RECENT events have brought into focus a specific provision in the Penal Code – Section 124B, the offence of committing “an activity detrimental to parliamentary democracy”.
The offence carries a maximum sentence of 20 years’ imprisonment.
The authorities have been using this particular provision to investigate, arrest and detain, curiously enough, people who are in some ways connected to issues relating to a particular state owned firm. These include media owners and editors, civil servants and activists. There is even an arrest warrant issued against the editor of a news blog, and the authorities will attempt to extradite her from her country.
All of these people, engaged in different things, have all been investigated for allegedly committing activities deemed detrimental to parliamentary democracy.
Section 124B is an offence under Chapter VI of the Penal Code. Chapter VI offences are what is known as “Offences against the State”. Such offences allow the authorities to utilise the Security Offences (Special Measures) Act 2012, better known as Sosma.
When Sosma and certain Penal Code offences were introduced in Parliament back in 2012, serious concerns were raised by the Malaysian Bar and civil society.
Sosma and the new Penal Code offences were then packaged as part of the “anti-terror” legislations to deal with terrorism, but with offences such as Section 124B included in the package, clearly these laws go beyond offences relating to terrorism.
The authorities could invoke Sosma against the people who are now being investigated under Section 124B. The law, unfortunately, gives them powers which include detaining a person up to 28 days without having to obtain a remand order.
If upon completion of investigations the public prosecutor proffers charges against those who have been investigated, Sosma may also be invoked.
A Sosma trial has different procedures and evidential rules compared to the usual criminal trial.
What then constitutes “activity detrimental to parliamentary democracy”?
According to Section 130A of the Penal Code, it is “an activity carried out by a person or a group of persons designed to overthrow or undermine parliamentary democracy by violent or unconstitutional means”.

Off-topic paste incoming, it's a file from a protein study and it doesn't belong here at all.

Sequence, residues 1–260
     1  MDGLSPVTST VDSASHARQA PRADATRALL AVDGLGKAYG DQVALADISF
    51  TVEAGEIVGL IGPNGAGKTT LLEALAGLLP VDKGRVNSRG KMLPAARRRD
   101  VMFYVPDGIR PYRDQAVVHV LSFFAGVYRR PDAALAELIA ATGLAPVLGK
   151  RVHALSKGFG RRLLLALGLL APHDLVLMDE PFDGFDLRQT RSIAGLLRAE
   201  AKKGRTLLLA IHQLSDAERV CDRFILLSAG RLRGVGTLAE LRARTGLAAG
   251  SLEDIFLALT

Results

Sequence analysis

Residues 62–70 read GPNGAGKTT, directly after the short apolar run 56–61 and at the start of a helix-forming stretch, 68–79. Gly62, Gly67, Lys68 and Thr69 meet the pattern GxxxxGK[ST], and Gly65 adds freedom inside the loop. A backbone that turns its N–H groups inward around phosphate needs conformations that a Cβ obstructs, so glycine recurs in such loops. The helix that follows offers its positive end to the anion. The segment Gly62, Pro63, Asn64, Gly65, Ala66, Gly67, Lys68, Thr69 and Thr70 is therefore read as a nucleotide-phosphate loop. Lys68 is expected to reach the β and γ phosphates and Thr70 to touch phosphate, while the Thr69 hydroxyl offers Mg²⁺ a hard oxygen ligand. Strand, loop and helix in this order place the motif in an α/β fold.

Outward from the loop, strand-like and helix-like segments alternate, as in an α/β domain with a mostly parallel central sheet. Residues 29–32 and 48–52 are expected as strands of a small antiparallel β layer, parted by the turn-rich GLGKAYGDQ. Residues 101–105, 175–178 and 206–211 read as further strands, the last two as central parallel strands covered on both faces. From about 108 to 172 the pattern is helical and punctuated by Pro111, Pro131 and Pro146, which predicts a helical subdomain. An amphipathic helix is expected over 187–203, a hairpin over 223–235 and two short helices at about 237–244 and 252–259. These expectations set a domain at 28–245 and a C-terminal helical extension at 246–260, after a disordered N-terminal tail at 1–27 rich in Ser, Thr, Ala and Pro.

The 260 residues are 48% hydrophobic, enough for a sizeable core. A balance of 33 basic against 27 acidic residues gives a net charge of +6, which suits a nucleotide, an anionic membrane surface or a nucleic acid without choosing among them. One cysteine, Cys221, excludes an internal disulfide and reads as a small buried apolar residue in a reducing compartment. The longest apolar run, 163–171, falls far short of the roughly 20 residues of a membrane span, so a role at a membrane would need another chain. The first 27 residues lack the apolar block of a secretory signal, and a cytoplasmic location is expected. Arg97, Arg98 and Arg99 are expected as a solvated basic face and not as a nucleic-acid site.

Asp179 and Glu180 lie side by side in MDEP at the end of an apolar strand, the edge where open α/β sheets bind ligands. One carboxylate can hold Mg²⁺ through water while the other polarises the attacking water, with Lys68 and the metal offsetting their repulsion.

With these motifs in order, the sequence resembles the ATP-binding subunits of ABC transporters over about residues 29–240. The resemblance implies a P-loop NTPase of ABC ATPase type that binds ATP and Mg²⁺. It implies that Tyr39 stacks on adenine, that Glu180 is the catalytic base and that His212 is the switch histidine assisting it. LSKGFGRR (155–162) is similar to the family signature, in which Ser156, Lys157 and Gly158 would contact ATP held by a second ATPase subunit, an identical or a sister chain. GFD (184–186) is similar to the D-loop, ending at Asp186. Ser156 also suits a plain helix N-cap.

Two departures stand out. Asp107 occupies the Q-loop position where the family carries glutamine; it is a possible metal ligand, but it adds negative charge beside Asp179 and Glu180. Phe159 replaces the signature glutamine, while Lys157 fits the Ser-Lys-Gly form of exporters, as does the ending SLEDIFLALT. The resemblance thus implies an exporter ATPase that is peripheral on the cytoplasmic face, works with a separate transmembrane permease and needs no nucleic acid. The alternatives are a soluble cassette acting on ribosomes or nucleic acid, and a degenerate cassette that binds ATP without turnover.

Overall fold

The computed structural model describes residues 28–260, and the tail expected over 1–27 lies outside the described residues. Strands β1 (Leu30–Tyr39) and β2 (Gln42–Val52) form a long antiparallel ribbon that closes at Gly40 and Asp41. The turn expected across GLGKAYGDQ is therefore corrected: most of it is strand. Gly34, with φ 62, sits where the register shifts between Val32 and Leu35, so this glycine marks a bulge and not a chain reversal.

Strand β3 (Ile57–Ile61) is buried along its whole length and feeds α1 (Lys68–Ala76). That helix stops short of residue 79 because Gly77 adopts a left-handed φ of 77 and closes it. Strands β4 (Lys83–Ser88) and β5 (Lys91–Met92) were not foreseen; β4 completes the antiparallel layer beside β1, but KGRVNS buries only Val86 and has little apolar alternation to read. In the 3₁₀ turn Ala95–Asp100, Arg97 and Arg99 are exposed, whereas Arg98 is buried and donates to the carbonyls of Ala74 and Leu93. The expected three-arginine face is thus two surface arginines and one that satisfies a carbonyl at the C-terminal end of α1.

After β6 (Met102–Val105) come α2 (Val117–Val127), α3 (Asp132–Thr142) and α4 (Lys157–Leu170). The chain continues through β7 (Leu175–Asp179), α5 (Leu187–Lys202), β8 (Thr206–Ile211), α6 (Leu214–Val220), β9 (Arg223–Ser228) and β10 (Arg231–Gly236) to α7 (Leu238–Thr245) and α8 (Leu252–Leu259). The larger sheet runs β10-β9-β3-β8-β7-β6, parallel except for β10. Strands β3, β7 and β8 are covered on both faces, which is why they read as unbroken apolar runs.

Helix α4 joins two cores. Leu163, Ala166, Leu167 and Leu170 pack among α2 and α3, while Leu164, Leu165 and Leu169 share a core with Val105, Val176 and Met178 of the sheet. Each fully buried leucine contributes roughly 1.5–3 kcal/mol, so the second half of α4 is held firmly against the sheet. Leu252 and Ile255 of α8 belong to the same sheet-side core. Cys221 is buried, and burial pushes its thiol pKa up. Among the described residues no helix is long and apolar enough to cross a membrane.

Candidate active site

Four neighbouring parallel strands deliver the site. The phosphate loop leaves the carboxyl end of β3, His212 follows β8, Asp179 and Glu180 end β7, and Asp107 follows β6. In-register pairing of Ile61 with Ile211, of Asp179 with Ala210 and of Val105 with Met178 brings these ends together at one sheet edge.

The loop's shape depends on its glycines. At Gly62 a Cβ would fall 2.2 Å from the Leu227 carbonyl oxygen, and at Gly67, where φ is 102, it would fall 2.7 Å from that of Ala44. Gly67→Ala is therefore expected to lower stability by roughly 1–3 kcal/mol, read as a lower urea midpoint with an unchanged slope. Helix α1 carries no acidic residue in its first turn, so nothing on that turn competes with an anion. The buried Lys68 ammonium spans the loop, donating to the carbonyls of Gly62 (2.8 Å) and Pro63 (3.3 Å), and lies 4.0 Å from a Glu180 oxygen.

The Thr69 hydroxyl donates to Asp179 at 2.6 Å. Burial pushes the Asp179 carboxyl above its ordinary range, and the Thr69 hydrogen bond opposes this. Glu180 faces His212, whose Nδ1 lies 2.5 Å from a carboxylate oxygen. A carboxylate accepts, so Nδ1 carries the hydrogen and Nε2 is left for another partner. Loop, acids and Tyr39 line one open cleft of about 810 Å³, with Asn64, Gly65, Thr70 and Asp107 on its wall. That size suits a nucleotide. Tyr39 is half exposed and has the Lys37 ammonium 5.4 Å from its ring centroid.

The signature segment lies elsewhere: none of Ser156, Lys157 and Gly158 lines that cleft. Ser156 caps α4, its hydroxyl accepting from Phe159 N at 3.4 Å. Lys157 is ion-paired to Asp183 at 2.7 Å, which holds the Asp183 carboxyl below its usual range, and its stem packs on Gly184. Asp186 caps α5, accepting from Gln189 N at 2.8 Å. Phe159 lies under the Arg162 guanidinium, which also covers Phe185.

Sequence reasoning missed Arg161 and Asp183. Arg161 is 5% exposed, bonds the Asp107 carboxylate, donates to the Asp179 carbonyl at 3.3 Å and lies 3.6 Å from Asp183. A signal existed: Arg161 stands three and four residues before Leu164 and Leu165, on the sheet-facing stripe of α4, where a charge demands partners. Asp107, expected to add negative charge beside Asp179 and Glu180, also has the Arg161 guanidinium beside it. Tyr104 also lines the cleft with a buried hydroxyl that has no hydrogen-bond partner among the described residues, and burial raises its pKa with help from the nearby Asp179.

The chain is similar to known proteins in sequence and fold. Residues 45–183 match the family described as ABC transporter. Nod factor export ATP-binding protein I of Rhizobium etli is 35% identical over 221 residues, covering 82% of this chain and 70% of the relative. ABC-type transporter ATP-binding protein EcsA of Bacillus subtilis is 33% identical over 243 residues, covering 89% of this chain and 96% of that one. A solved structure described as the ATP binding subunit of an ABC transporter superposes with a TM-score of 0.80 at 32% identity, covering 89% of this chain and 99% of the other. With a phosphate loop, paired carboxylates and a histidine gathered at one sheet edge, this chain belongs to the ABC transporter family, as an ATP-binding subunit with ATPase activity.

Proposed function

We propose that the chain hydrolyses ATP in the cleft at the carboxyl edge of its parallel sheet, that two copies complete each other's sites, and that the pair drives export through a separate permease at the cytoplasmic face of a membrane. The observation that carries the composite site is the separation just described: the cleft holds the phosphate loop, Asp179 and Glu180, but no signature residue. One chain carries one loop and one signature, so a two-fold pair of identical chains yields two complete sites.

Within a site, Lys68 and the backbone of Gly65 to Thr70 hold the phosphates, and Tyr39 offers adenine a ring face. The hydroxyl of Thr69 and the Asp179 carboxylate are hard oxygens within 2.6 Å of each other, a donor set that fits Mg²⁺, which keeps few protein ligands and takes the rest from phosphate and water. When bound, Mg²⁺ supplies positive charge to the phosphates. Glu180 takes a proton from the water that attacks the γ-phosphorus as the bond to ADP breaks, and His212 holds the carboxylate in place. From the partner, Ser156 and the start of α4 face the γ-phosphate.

The words used to interpret the offence are at best, vague and imprecise. What does “designed to overthrow or undermine parliamentary democracy” mean? What is “unconstitutional”? These words were not judicially defined at the time of writing.
To quote the memorandum prepared by the Malaysian Bar in relation to these laws, the creation of the offence “seem designed to curtail and criminalise legitimate democratic activity alongside the activity of overthrowing or attempting to overthrow parliamentary democracy by violent means. The definition of ‘activity detrimental to parliamentary democracy’ has too broad a scope; it should only criminalise violent conduct.”
The result is that the authorities are placing their own interpretation of what constitutes activities detrimental to parliamentary democracy.
But how can reporting on an issue possibly be construed as attempting to overthrow parliamentary democracy? How can peaceful protests be interpreted as unconstitutional? How can carrying out responsibilities mandated by Parliament possibly be detrimental to parliamentary democracy?
In fact, one could even argue that all these people are engaging in activities which strengthen parliamentary democracy, instead of detrimental to it.
The serious concerns raised by the Malaysian Bar and civil society back in 2012 are unfortunately vindicated. These provisions are being used in ways which go beyond what Parliament would have intended when the law was passed.> The views expressed are entirely the writer’s own.
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